For the third time, the latest transvaginal mesh bellwether trial over allegations that C.R. Bard’s Avaulta mesh is defective has been delayed, this time because the wife of a key witness for the woman bringing the lawsuit has been hospitalized.
The witness is an obstetrician and gynecologist who was scheduled to provide expert testimony about the design of Bard’s Avaulta mesh product, specifically that polypropylene in the mesh can shrink and degrade after being implanted in patients.
However, shortly before the Jan. 10, 2014 trial was scheduled to begin the physician notified lawyers that his wife had suffered a medical problem that caused her to be hospitalized for at least two weeks and would require his attention. The woman’s lawyers then filed a motion that included this language, according to the court file:
“While a continuance will inconvenience all parties and the court, who have prepared for this trial to begin in two days, plaintiff submits that any inconvenience would be far outweighed by the insurmountable prejudice to the plaintiff that would result if she were required to try this case without one of her most critical witnesses.”
This case is one of the bellwether trials selected from thousands of lawsuits filed against Bard and other manufacturers that have been grouped together in a multidistrict litigation in U.S. District Court in West Virginia in which women are claiming that the transvaginal mesh products were defectively designed and they suffered mesh erosion, chronic pain, infections, and other complications.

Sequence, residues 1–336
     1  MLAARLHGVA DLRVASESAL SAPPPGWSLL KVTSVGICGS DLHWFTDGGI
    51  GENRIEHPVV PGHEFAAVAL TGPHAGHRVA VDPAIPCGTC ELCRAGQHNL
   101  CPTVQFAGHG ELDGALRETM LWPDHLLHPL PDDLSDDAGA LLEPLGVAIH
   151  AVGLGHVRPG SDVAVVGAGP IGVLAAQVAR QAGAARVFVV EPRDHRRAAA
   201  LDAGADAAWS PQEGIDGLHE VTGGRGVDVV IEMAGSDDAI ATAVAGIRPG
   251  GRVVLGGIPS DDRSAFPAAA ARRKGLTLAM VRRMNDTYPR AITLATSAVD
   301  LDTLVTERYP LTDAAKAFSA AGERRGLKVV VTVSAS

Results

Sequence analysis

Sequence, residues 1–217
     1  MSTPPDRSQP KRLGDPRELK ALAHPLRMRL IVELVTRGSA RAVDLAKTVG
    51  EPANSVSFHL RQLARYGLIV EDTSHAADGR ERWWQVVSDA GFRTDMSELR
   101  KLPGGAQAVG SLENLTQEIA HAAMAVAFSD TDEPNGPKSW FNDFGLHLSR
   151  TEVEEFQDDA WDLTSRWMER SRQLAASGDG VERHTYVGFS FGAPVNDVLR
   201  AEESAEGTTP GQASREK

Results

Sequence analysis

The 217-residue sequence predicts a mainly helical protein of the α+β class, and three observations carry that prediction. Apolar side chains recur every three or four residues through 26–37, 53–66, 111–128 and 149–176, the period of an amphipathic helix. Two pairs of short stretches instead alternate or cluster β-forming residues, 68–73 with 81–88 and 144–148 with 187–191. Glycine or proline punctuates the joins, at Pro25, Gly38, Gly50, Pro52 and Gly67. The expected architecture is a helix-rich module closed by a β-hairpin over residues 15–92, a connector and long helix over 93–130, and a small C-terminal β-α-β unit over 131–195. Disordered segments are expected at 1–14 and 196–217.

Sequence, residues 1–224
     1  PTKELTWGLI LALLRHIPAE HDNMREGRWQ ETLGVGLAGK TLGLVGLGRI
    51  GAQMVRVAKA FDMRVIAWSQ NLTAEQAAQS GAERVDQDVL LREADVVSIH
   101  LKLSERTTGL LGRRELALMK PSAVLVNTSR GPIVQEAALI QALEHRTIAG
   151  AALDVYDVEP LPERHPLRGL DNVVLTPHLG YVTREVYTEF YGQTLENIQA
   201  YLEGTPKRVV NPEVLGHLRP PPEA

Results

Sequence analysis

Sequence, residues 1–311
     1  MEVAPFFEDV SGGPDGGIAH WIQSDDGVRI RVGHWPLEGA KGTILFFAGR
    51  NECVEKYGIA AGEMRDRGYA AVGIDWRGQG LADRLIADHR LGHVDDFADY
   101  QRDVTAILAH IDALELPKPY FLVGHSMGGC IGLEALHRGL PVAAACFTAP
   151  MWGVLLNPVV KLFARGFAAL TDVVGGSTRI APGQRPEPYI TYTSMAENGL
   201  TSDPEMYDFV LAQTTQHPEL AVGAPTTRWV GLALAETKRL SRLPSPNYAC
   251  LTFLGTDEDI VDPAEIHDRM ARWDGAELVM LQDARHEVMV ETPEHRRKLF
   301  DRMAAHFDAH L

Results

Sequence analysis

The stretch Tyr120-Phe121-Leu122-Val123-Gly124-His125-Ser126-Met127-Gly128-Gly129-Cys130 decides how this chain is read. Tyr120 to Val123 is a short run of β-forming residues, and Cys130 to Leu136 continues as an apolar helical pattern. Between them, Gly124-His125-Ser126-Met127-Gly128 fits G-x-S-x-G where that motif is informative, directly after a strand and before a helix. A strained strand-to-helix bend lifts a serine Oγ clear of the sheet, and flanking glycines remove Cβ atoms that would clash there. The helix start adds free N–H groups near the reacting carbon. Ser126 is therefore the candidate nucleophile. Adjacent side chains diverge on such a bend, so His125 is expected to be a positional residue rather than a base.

The rescheduled trial was preceded by another federal court trial also involving allegations involving C.R. Bard’s Avaulta transvaginal mesh in which a jury awarded $2 million in damages to a woman who claimed that she suffered serious health problems from the product, according to the court file in the case.
These federal transvaginal mesh lawsuits from across the country have been consolidated under West Virginia U.S. District Court Judge Joseph Goodwin.
Defendants include companies such as C.R. Bard, Johnson & Johnson subsidiary Ethicon Inc., Boston Scientific Corp. and Endo Pharmaceuticals unit American Medical Systems Holdings Inc.
Transvaginal mesh has been used in hundreds of thousands of operations to repair weakening abdominal muscles in women that weaken in the aging process and cause pelvic organ prolapse or urinary incontinence.
The claims the women are making include allegations that they suffered serious medical problems and expensive costs because the mesh products were defectively designed and failed, causing a myriad of health issues and, in many cases, second operations to repair the damage.